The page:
If you've read my previous posts on John Edwards, you know I don't care much for him as a candidate. As I have written before, it befuddles me that he is one of the Democrats' "big 3" candidates. I keep trying to find something nice to say about him, and keep falling short. The best I can come up with is, if I really believed he cared as much about poor people as he says he does, that would improve my opinion of him (although we would still differ on policy specifics, but that's by no means a test of character). That all said, I felt for him this morning when the news came out that his wife has cancer, or rather, that her previously diagnosed cancer is incurable. I'm sure that somewhere out on the web somewhere, there's some jerk speculating about what this means to the Edwards campaign. It's worth remembering, that all these public figures are actual flesh-and-blood people, too. (Yes, even George W. Bush, and Dick Cheney! Maybe even Kobe Bryant!) No matter whether you are a pro athlete, a movie star, a politician, or just a schoolteacher, there are people in your life with whom you are entertwined. Those people, by their actions, their lack of action, their health, the choices they make--they can make their loved ones feel a million different emotions. Things like our health we can't help. But whether we like it or not, we effect people. My heart (and a brief prayer) go out to the Edwards family.
On another, barely related note. The Edwards story led my wife to a summary of what the Edwards' children are up to. I was unaware that they had a son who died at age 16 (he would be maybe 27 now) in a car crash. I don't know why some people seem to have more tragedies than others. I have a great aunt who has borne more than any human being should ever have to, in my opinion. Of course, my opinion is worthless on this topic. (I think it was my mom who told me that opinions are like armpits--we all have a couple, and most of 'em stink.) But when you try to philosophize why God allows some folks to have cancer, or bury children, or bear and raise babies with disabilities, or otherwise deal with stuff that I have never thus far had to do, it's a tough one. I know that we live in a world polluted by the consequences of sin and the fall. And I recall that once Jesus was asked about a man born blind, "who sinned, this man or his parents?" His answer was illuminating: "Neither. He was born this way that you might glorify God." (sorry, too lazy to pull out book, chapter, and verse--that's the Coach Sal Revised Version.) Then he healed the man, and sure enough, the people who saw gave the glory to God. I remember only one line of the Presbyterian chatechism I learned as a pre-teen: "What is the chief end of man? The chief end of man is to worship God and to glorify him." I certainly hope and pray that if ever I am in a position of suffering, that my response will bring glory to God.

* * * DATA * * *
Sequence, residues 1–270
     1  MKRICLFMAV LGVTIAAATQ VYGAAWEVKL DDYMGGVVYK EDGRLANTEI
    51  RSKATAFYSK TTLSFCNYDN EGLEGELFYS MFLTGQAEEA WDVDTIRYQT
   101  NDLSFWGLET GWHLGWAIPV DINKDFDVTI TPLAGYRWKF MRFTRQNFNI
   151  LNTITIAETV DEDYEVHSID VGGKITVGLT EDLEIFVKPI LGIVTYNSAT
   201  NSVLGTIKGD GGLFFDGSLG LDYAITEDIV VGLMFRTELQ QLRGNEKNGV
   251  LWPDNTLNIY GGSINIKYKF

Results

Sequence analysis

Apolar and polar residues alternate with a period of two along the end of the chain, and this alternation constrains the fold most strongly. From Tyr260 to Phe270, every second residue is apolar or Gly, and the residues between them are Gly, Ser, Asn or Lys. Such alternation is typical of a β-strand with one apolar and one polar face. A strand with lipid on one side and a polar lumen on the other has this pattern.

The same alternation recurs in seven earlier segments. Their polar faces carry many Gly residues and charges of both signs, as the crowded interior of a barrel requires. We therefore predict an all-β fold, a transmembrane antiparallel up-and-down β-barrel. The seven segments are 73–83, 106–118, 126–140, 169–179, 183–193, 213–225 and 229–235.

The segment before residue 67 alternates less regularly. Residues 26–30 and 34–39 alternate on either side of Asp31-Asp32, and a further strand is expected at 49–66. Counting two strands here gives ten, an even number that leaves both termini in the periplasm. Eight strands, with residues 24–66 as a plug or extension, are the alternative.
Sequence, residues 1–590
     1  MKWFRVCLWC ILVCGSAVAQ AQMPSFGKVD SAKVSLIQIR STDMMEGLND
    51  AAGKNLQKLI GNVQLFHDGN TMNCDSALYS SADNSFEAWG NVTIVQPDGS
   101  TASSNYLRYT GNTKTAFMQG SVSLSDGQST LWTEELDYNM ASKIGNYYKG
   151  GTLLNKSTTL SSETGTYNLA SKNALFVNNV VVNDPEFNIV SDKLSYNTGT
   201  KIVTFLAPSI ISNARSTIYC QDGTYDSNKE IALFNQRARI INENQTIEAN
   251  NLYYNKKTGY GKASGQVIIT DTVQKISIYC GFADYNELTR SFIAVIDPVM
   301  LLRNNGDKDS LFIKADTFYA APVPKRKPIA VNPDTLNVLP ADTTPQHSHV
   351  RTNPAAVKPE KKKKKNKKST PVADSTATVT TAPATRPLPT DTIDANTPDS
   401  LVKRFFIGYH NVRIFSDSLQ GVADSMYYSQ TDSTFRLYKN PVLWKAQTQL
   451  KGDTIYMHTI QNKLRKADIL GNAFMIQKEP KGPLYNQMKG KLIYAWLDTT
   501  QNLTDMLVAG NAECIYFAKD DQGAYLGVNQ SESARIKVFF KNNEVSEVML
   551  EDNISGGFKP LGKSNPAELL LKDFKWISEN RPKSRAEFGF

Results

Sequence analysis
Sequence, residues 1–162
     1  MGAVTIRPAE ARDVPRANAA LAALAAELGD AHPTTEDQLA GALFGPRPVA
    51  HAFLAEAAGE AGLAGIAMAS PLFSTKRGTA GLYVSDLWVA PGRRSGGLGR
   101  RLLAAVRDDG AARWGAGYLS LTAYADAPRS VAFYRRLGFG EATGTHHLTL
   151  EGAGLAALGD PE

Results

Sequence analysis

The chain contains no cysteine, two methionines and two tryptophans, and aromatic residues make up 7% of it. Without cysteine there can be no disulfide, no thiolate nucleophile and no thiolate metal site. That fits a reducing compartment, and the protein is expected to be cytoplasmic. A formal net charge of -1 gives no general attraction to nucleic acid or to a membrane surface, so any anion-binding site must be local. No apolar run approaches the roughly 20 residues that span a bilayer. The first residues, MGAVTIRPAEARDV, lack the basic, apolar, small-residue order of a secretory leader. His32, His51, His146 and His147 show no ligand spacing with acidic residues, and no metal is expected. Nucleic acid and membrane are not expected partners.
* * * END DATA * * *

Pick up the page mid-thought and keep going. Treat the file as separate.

Okay, last one, and I'm done. That same Edwards article said he has a daughter in Harvard Law School. Maybe I'm just a jerk, but among my first thoughts when I heard that was, "really? Wonder if she got in on her own, or if her dad being JE helped?" Seems to me that's the problem (well, ONE problem) with preferences of all sorts. You never REALLY know how good you were. President Bush did Yale undergrad and Harvard business school. But "everybody knows" his dad's name got him in. Or did it? Or did it help him once he was in? My best student ever is at Yale. I would bet a gazillion bucks he was good enough to get in on his own merits. But his dad was a legacy, so we'll never really know. And I teach at a wonderful private school, but I am also an alumnus of that school. I'll never be 100% sure whether I could have beaten out all the other applicants for my job had I not been "connected." That's not to say that I'd rather not have had the opportunity, or that this isn't how the world has always worked. Since I've already been philosophical once this post, I'll just posit that once again, that's a consequence of our fallen human nature. I sure am glad that God is more just than we are.
Wait, one more: maybe I take back one thing about that last line. I do expect God to give me preferential treatment far better than I deserve. Turns out, I'm a friend of His Son. It's not what you know, it's Who you know!